The channels of monetary policy are more important for any investigation of the macro economy. This is one of the key lessons from the Financial Crisis. Now that short-term rates are finally moving higher, the behavior of banks with respect to their lending activities becomes more critical. It is expected that as rates move higher, the demand for loans will be lower. Additionally, there may be a tightening of lending when rates move higher.
How tight will lending become as rates rise? There is limited analysis on this question, but a Journal of Finance paper, “Bank Leverage and Monetary Policy’s Risk-Taking Channel: Evidence from the United States” suggests the higher rates will take a bite out of riskier lending.
This is important because there is so much debt that will have to be refinanced at higher rates. There will be a day when debtors will need more money or have to rollover existing debt. They may know that the price paid for that debt will be higher, but the real question is whether the quantity will be available. Past research says there will be a day of reckoning; however, that day has not yet come.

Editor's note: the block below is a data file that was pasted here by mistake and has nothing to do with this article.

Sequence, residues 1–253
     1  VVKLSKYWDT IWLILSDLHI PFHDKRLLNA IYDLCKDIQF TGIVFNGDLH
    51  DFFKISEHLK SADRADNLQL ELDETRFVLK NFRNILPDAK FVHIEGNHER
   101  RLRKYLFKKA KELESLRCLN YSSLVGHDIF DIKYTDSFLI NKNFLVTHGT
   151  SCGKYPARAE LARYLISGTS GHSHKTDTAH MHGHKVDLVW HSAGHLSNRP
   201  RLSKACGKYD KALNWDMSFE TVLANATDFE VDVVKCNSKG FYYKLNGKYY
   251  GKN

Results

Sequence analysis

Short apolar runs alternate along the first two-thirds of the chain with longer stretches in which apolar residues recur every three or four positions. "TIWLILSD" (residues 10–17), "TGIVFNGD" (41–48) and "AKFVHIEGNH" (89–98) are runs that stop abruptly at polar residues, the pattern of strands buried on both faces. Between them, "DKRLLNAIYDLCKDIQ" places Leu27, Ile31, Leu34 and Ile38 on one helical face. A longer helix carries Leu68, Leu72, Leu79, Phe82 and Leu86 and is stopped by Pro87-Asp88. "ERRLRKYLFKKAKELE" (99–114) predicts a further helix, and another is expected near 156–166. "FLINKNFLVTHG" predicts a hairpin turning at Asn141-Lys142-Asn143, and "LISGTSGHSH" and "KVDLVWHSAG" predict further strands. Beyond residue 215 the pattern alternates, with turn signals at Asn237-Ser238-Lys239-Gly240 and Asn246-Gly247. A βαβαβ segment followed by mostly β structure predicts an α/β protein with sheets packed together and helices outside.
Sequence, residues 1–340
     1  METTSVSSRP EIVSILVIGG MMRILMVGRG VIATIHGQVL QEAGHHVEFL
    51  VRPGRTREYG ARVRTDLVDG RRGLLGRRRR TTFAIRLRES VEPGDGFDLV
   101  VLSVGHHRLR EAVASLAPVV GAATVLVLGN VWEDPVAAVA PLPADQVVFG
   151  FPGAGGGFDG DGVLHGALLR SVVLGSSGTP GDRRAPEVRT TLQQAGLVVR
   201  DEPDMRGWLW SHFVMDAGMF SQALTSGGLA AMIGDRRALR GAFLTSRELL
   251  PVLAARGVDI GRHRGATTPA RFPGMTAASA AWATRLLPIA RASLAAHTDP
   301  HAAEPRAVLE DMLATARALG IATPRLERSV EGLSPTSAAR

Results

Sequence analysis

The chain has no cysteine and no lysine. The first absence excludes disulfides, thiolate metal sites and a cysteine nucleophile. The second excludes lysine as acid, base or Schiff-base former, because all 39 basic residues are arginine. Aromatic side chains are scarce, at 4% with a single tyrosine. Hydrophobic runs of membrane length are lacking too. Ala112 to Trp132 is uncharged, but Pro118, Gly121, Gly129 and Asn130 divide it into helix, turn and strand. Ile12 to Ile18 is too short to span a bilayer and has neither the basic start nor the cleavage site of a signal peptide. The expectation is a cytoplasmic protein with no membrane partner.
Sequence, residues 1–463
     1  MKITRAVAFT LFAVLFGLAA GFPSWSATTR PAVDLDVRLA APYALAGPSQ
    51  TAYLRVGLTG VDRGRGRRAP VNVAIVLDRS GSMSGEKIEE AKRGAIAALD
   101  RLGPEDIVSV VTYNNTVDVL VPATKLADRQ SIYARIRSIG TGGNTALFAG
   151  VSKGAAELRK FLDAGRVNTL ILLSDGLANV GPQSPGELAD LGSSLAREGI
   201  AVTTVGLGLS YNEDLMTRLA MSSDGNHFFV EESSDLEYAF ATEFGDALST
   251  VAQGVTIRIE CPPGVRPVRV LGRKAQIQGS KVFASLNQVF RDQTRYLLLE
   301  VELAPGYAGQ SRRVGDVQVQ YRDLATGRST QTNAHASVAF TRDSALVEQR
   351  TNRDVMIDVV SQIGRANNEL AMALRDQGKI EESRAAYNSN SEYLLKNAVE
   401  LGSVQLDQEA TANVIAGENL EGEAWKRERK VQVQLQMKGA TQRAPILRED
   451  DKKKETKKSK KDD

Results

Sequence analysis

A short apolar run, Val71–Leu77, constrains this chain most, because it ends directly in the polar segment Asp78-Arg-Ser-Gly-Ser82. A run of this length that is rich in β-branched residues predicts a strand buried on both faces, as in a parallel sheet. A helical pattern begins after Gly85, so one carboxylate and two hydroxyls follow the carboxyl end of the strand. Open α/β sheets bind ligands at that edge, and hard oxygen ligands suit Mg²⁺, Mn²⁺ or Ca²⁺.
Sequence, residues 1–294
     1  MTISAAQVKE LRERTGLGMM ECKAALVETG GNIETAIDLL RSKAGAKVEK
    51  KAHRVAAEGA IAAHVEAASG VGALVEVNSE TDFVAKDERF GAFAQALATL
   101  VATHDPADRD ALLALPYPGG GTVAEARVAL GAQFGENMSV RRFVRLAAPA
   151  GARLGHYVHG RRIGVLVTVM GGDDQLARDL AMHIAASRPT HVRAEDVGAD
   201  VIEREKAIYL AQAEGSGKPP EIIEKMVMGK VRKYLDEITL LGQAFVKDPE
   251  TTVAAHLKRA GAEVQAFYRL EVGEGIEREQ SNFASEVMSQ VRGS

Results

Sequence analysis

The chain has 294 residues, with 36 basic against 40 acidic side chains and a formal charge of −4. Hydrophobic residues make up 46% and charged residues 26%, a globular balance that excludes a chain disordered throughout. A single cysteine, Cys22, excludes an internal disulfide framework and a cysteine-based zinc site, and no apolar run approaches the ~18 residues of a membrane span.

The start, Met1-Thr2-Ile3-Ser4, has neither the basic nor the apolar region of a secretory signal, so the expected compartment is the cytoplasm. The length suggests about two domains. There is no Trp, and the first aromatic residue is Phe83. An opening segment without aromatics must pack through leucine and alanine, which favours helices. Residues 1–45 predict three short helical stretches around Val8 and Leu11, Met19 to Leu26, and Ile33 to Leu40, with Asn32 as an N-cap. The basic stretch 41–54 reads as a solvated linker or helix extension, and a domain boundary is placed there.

A review of domestic loan tightening standards suggests that at this point there is nothing wrong with the supply of credit. There is no tightening. You can warn about credit, but any action on this warning may be early. Investors may avoid fixed income based on the direction of rates, but right now, the risk of banks not providing credit as a reason to avoid seems to be limited.